Minister Horne Reacts to the Preferential Access (Queue Jumping) Report: It’s not good

Justice Vertes released the results of the Preferential Access (Queue Jumping) Inquiry this week.  Health Minister Horne heaved a huge sigh of relief.  Vertes found that allegations raised by Dr Duckett (former head of Alberta Health Services) and Dr Sherman (Liberal leader) were unfounded and there was no evidence that MLAs used their influence to get preferential treatment for themselves or their family and friends.* Whew!!

Fred Horne & Health Promise

Mr Horne was so busy gloating that he failed to tell the public that Vertes had indeed found numerous cases of queue jumping right up to the time of the Inquiry itself.

The queue jumping incidents fell into two categories:

  • the gong show that passed for the government’s response to the H1N1 pandemic: Alberta Health Services (AHS) improperly inoculated the Calgary Flames hockey team and their friends and families, the friends and family of a group of Edmonton nurses and the non-essential administrative staff at the Red Deer Michener Centre, and
  • an influential Calgary doctor (Dr Bridges) used byzantine booking and referral practices to fast track colonoscopy screening tests for his own patients and those from the Helios concierge clinic.

Mr Horne also failed to explain that Vertes found a system riddled with opportunities for queue jumping, including:

  • AHS executives making “courtesy calls” to hospital staff to give them a “heads up” that a VIP was in the building   
  • expediting treatment for elite athletes    
  • allowing doctors and AHS executives to interfere with the emergency care and triage process for certain patients and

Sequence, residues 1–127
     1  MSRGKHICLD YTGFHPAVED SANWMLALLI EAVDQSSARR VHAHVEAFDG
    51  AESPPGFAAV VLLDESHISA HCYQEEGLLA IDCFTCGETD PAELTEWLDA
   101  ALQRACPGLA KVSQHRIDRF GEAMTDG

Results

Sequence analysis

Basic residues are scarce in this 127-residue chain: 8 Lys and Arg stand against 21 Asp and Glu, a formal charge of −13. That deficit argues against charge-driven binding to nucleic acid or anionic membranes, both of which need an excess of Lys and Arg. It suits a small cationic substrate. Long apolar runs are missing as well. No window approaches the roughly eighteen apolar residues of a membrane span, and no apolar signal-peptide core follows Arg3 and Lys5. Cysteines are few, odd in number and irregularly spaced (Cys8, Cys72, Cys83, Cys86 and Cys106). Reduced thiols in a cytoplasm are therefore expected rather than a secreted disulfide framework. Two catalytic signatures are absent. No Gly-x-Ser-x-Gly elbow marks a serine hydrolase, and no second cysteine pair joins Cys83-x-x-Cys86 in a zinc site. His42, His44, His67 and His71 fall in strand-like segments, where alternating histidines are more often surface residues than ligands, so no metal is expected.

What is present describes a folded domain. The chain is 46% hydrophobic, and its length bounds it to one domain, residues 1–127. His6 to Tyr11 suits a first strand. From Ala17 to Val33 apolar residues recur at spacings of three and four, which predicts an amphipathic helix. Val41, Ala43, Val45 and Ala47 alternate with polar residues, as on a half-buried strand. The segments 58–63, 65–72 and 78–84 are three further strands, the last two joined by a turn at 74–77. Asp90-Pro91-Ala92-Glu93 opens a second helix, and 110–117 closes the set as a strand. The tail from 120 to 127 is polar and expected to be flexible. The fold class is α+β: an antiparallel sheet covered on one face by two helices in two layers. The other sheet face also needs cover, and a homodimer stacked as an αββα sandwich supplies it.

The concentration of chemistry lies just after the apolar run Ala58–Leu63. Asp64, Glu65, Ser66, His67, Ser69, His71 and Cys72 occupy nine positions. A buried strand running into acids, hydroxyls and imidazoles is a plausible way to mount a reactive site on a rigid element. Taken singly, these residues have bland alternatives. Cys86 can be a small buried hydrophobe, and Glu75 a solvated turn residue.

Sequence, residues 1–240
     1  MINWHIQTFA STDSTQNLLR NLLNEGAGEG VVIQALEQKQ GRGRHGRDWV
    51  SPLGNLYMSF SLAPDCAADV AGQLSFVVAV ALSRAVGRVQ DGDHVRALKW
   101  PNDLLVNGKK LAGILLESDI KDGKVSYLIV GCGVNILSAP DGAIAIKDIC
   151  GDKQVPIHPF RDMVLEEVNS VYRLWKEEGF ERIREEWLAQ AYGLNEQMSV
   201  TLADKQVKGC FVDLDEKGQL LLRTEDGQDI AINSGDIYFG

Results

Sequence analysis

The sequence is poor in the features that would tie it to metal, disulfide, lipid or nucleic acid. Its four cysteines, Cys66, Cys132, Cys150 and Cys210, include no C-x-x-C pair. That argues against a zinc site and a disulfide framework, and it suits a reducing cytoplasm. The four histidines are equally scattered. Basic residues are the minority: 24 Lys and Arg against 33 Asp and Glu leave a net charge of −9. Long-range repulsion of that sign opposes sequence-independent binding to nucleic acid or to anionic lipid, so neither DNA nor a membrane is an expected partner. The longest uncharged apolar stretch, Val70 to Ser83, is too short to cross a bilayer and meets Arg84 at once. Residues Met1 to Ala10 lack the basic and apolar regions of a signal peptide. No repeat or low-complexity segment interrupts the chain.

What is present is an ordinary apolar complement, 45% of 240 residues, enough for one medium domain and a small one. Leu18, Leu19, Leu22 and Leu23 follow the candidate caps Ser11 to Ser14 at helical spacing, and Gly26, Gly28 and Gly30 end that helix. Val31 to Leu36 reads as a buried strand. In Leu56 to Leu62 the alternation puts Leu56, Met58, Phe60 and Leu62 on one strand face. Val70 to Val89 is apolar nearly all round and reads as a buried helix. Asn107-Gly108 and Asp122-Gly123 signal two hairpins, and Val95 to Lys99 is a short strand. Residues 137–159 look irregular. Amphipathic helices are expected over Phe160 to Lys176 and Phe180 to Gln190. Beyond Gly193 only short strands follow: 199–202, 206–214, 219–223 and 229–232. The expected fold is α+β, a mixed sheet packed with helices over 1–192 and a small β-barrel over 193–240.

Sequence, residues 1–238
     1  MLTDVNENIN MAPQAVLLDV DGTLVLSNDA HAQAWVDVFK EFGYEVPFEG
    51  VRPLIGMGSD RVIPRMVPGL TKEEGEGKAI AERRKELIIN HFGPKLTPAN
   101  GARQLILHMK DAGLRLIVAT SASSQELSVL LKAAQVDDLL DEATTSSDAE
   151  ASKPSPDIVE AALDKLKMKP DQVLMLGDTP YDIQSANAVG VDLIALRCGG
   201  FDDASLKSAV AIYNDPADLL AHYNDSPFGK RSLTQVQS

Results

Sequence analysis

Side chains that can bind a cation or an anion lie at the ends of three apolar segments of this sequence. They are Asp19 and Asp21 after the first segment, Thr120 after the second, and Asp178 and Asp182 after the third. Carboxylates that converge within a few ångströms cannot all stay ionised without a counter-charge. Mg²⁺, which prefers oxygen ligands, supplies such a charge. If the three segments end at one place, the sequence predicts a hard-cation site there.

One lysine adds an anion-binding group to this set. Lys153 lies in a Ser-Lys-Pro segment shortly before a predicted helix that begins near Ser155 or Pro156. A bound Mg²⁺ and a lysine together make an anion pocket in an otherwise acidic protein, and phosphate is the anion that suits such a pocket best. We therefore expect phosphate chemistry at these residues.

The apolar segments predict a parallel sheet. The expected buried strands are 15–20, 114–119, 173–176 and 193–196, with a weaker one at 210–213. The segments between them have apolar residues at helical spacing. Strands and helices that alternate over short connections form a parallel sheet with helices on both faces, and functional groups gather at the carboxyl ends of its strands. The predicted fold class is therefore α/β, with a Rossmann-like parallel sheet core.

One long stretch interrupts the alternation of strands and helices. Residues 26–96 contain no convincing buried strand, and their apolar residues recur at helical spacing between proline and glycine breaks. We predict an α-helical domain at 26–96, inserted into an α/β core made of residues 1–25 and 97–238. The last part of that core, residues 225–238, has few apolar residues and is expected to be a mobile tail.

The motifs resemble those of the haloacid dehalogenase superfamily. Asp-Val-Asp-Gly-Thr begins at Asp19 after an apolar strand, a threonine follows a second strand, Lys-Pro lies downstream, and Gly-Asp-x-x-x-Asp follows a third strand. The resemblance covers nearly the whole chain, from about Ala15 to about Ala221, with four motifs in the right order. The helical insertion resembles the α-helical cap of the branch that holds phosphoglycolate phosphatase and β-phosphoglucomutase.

• allowing doctors to send patients to Emergency through the “private patient path”.  Heads up, my patient is coming through. 

Most importantly Mr Horne failed to mention that these queue jumping and near-queue jumping episodes occurred on his watch

The Inquiry

Justice Vertes

Justice Vertes did a remarkable job given that he was hamstrung by the PC government from the outset—the Inquiry was restricted to queue jumping that “is occurring”.

Vertes did his level best to consider “background circumstances” despite strenuous objections from the government, the AHS and the Alberta Medical Association.  He created a public uproar when Mr Horne tried to shut down the Inquiry prematurely.

Vertes’ Recommendations

Vertes identified serious systemic issues and issued 12 sensible recommendations to address them.  They should have been adopted in a heartbeat without qualification;  but Mr Horne balked on three, saying that he’d accept them “in principle”, but not as written because “they involve legal changes potentially and …some consultation.”**

“In principle” is legalese for wiggle room.  Apparently there’s something about these three recommendations that troubles Minister Horne.    

The “in principle” recommendations***

Recommendation #1 closes loopholes in the law that could otherwise allow improper queue jumping.  It also requires people to report queue jumping violations and protects them from reprisal if they do so.  Mr Horne balked.  

Recommendation #2 provides whistleblower protection to all healthcare workers, including doctors who are contractors.  Interestingly this change would provide whistleblower protection well beyond the queue jumping issue and would allow a contractor to sound the alarm over any improper behavior without fear of reprisal.  Brilliant!  Mr Horne balked again.

Recommendation #7 protects patients by creating an independent Health Advocate to advise them and help them resolve complaints.  Hello accountability and transparency!  Mr Horne balked a third time.

Whistleblowing and independence.  Notice a trend here?

Mr Horne’s objections

Mr Horne says he accepted these recommendations “in principle” only because they may require legal changes and consultation.  Let’s talk about consultation.  He’s accepted, without qualification, five other recommendations that require consultation so the consultation excuse is a red herring.****